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Sleep in Middle and High School Students

Sleepy female student

Children and adolescents who do not get enough sleep have a higher risk for many health and behavior problems. Learn how much sleep students need and how many are not getting it.

Importance of Sleep

Children and adolescents who do not get enough sleep have a higher risk of obesity, diabetes, injuries, poor mental health, and problems with attention and behavior.1-4

How much sleep someone needs depends on their age. The American Academy of Sleep Medicine has recommended that children aged 6–12 years should regularly sleep 9–12 hours per 24 hours and teenagers aged 13–18 years should sleep 8–10 hours per 24 hours.1

Alert student raising hand in class

Students who get enough sleep may have fewer attention and behavior problems.

Are Students Getting Enough Sleep?

CDC analyzed data from the 2015 national and state Youth Risk Behavior Surveys.5 Students were asked how much sleep they usually got on school nights. Students who were 6 to 12 years old and who reported sleeping less than 9 hours were considered to not get enough sleep. Teenagers aged 13 to 18 years who reported sleeping less than 8 hours also were considered to not get enough sleep.

Middle school students (grades 6-8)

  • Students in 9 states were included in the study
  • About 6 out of 10 (57.8%) did not get enough sleep on school nights

High school students (grades 9-12)

  • National sample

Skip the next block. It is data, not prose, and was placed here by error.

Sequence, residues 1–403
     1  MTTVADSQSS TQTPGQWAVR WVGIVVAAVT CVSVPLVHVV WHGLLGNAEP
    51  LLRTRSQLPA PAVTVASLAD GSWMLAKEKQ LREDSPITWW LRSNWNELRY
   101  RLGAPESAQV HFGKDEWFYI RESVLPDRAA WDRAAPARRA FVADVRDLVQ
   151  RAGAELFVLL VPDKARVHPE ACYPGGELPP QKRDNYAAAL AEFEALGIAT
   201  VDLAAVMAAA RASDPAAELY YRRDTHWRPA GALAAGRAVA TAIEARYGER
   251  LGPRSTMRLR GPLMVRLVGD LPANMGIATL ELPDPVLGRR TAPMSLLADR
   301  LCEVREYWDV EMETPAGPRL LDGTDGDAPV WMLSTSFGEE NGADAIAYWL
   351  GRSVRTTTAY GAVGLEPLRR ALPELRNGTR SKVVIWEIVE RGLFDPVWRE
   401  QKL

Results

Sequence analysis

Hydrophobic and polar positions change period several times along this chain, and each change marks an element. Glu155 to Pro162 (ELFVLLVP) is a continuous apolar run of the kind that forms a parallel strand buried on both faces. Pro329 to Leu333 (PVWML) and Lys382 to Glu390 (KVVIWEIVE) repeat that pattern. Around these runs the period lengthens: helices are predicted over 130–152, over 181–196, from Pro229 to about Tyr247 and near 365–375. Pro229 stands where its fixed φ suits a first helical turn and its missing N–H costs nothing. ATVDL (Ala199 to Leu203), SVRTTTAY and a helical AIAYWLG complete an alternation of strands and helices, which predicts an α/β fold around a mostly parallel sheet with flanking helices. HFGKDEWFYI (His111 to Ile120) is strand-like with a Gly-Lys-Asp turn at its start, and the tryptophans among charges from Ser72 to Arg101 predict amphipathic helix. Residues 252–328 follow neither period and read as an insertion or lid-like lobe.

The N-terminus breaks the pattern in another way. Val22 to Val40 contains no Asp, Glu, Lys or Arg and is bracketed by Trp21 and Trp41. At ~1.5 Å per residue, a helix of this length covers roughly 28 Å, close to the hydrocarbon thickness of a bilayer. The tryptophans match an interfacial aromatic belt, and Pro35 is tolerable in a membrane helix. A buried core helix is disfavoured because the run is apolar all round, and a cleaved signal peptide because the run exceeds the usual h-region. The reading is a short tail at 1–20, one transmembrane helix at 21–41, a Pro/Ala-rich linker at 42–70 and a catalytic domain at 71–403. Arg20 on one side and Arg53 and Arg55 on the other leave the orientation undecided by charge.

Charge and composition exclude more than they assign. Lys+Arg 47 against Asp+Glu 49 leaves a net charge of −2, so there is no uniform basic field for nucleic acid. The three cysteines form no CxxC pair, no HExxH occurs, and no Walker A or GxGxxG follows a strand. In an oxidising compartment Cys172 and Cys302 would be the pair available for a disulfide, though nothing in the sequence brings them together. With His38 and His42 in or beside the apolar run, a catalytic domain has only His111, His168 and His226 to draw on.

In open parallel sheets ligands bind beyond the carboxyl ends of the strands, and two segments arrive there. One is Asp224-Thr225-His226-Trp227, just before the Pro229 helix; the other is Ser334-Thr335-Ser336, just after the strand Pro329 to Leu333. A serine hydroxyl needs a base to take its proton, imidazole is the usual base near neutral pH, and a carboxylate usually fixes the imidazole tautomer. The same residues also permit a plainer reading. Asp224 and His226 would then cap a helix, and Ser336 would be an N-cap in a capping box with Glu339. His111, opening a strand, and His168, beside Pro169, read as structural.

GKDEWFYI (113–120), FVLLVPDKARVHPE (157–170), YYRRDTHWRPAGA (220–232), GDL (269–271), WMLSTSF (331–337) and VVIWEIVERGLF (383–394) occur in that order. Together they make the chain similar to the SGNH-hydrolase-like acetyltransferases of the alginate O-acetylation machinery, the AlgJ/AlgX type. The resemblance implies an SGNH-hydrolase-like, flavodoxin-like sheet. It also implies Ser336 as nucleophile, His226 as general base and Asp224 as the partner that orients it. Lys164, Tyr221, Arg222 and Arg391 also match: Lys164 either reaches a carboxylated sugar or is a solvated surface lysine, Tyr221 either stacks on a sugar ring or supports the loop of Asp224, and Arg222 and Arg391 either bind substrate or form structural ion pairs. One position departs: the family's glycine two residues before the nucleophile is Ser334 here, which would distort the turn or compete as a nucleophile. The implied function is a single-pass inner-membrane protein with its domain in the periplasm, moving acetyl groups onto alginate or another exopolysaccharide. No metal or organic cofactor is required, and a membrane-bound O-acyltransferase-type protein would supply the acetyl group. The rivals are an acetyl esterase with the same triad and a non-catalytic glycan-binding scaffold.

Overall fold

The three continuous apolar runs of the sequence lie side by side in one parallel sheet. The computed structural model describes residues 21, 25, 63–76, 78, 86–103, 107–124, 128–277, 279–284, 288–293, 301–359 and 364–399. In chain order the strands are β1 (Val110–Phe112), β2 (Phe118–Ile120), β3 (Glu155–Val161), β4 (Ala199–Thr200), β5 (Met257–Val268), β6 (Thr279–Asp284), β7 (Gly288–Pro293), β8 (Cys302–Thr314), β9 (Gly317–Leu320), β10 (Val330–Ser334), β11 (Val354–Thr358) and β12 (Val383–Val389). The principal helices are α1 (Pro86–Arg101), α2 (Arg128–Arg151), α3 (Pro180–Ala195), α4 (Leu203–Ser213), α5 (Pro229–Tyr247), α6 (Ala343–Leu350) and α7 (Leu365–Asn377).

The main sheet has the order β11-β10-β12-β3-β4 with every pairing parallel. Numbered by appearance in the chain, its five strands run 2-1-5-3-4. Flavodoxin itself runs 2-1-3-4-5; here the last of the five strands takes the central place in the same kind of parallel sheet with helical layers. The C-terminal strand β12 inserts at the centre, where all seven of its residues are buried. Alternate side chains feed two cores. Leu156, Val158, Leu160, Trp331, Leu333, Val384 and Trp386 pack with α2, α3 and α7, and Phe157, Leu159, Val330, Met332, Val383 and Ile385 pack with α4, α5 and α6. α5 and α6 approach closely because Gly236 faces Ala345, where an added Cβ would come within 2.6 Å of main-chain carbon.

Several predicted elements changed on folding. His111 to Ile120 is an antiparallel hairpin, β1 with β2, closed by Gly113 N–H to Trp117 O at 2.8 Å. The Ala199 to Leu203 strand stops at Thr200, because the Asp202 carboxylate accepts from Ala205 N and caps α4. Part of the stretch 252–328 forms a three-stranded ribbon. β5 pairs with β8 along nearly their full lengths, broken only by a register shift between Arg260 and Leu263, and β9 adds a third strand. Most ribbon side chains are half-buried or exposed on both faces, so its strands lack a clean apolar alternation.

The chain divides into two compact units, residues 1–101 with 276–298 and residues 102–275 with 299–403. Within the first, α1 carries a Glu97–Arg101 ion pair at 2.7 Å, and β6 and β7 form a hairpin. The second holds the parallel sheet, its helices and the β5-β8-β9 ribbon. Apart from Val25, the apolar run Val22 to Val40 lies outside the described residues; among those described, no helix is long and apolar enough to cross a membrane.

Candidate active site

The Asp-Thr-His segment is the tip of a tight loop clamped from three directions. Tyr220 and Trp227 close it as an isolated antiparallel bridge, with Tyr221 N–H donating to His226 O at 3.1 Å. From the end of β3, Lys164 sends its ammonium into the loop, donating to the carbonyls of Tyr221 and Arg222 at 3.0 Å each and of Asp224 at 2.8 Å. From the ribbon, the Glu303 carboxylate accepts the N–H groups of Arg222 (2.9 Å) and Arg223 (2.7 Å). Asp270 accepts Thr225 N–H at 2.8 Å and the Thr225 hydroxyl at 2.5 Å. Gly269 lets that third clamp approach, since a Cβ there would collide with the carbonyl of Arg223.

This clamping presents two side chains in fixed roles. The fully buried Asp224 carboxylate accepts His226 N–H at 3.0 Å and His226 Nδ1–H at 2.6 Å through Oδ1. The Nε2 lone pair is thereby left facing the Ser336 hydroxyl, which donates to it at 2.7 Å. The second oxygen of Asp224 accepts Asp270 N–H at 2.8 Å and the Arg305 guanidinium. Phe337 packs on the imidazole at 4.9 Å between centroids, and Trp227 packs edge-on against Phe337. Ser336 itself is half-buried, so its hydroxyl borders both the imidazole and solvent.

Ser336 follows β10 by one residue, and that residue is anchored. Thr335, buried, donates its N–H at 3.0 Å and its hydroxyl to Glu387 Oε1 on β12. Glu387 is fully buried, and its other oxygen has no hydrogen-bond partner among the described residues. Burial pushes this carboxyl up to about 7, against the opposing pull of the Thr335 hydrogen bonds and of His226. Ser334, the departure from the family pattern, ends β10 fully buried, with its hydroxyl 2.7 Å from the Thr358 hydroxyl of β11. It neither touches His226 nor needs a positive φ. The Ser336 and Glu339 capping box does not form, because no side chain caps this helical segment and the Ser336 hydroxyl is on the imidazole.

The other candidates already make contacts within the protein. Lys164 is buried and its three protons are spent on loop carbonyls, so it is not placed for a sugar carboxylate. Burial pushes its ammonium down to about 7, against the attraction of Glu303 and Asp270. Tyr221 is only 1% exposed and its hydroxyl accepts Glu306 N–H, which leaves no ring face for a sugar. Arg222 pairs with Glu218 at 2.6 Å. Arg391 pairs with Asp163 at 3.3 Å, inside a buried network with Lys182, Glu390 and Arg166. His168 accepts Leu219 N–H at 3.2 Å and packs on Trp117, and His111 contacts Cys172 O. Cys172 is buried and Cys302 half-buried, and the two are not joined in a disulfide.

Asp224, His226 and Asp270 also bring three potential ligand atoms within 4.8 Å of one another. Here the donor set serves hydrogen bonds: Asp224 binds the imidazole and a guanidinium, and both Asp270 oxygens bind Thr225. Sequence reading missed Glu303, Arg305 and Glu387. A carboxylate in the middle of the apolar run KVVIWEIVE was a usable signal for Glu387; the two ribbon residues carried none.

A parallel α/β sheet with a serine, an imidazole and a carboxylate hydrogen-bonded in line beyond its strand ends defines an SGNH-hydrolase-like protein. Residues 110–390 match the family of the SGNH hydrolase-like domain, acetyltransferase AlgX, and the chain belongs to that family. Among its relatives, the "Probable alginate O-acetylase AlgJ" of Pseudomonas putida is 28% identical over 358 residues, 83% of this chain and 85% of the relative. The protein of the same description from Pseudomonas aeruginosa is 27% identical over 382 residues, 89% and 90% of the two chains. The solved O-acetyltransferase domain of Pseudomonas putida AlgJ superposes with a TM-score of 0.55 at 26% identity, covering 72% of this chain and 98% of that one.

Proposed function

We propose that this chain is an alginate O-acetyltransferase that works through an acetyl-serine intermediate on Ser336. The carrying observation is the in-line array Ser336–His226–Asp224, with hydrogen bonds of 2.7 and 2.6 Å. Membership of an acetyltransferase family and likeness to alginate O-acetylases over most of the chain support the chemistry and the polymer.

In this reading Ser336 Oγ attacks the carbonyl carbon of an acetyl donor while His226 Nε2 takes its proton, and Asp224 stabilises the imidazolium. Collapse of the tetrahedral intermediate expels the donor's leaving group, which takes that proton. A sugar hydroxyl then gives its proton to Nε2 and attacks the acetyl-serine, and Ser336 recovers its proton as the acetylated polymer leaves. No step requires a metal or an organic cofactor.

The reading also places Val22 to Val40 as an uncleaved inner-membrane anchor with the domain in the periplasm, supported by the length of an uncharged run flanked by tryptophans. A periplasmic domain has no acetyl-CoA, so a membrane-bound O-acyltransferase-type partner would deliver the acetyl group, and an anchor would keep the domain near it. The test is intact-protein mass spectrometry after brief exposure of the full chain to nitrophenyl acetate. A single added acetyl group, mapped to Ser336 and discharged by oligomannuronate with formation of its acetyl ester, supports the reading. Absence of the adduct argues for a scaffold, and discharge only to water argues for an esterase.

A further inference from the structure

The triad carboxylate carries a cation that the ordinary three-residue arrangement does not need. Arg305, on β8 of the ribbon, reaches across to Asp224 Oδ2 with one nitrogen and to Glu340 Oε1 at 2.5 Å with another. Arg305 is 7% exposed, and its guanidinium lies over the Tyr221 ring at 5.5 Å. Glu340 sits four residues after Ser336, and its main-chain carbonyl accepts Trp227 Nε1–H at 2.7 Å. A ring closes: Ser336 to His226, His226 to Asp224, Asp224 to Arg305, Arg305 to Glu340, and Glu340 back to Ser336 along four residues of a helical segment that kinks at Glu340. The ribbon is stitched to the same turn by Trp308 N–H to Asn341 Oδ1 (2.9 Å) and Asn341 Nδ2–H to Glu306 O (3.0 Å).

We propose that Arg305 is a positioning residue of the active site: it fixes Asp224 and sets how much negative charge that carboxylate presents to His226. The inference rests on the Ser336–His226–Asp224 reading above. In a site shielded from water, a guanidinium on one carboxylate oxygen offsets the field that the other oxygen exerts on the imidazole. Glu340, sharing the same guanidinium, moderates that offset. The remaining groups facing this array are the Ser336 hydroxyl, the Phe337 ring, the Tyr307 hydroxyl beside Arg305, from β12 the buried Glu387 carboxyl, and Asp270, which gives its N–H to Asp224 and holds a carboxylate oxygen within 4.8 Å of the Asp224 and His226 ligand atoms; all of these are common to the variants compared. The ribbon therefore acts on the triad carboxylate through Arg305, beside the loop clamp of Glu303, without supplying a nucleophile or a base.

• About 7 out of 10 (72.7%) did not get enough sleep on school nights
Most Students Need More Sleep infographic

Many middle school and high school students do not get the sleep they need. View large image and text description.

Help Your Child Get the Sleep They Need

Parents can support good sleep habits such as:

  • Sticking to a consistent sleep schedule during the school week and weekends. This means going to bed at the same time each night and getting up at the same time each morning. Adolescents whose parents set bedtimes are more likely to get enough sleep.6 To help decide on a good bedtime for your child, go to the Bedtime Calculator.
  • Limiting light exposure and technology use in the evenings.
    • Parents can limit when their children may use electronic devices (sometimes referred to as a “media curfew”).
    • Parents can limit where their children may use electronic devices (for example, not in their child’s bedroom).
  • Other tips for better sleep are available at CDC’s Tips for Better Sleep.

References

  1. Paruthi S, Brooks LJ, D’Ambrosio C, et al. Consensus statement of the American Academy of Sleep Medicine on the recommended amount of sleep for healthy children: methodology and discussion. J Clin Sleep Med 2016;12:1549–61.
  2. Owens J; Adolescent Sleep Working Group; Committee on Adolescence. Insufficient sleep in adolescents and young adults: an update on causes and consequences. Pediatrics 2014;134:e921–32.
  3. Lowry R, Eaton DK, Foti K, McKnight-Eily L, Perry G, Galuska DA. Association of sleep duration with obesity among US high school students. J Obes 2012;2012:476914.
  4. Fitzgerald CT, Messias E, Buysse DJ. Teen sleep and suicidality: results from the Youth Risk Behavior Surveys of 2007 and 2009. J Clin Sleep Med 2011;7:351–6.
  5. Wheaton AG, Everett Jones S, Cooper AC, Croft JB. Short sleep duration among middle school and high school students — United States, 2015. MMWR Morb Mortal Wkly Rep 2018;67:85-90.
  6. Short MA, Gradisar M, Lack LC, et al. A cross-cultural comparison of sleep duration between US and Australian adolescents: the effect of school start time, parent-set bedtimes, and extracurricular load. Health Educ Behav 2013;40:323–30.
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